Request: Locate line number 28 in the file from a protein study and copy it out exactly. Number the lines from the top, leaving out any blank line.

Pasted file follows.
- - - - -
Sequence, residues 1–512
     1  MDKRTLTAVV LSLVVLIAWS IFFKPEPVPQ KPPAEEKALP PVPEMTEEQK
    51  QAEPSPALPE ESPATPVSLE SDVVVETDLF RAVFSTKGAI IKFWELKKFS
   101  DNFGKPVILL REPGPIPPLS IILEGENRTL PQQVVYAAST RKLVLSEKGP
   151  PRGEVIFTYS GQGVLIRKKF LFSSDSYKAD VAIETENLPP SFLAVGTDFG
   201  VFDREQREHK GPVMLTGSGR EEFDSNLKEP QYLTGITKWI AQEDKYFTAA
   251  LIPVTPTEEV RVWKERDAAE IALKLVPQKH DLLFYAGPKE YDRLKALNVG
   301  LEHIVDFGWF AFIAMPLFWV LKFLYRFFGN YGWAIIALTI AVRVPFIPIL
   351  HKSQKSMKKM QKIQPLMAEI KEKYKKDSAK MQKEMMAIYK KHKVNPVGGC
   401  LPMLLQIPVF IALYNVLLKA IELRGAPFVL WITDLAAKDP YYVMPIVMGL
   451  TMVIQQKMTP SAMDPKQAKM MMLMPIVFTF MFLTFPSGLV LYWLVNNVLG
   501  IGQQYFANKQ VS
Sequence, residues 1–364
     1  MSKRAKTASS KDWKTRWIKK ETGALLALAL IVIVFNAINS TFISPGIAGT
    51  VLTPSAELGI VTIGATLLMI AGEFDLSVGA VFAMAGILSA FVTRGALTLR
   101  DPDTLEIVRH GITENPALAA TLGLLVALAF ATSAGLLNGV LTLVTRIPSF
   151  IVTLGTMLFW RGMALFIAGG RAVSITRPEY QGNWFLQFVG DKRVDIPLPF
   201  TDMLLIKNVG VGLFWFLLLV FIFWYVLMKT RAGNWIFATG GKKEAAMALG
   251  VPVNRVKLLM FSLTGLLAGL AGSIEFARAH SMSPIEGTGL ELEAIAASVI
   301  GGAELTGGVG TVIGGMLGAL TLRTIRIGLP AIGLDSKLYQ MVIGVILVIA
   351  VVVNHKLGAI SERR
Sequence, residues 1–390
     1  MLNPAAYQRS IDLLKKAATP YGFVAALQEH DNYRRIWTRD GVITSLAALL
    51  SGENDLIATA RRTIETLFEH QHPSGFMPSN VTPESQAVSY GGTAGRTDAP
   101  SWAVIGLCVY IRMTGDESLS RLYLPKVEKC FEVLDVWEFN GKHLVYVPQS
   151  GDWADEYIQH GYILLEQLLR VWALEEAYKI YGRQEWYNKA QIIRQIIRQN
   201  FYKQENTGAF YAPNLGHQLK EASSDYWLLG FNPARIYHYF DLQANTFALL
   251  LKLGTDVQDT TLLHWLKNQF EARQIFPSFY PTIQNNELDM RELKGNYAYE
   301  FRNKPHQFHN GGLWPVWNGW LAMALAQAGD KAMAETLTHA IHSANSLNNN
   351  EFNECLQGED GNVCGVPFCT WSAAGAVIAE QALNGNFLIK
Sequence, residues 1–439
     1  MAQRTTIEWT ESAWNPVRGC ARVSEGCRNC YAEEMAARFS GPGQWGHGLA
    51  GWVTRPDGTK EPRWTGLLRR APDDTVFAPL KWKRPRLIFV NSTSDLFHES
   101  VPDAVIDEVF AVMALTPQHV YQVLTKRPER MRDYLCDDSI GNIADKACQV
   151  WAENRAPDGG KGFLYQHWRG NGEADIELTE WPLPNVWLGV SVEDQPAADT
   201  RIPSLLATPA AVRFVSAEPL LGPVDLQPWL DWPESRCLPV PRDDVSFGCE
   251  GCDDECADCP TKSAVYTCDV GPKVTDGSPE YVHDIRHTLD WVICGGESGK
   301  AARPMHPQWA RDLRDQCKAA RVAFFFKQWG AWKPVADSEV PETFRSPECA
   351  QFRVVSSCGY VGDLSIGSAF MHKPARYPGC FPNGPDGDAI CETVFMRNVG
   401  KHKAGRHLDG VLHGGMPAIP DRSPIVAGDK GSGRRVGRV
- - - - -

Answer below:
   251  LKLGTDVQDT TLLHWLKNQF EARQIFPSFY PTIQNNELDM RELKGNYAYE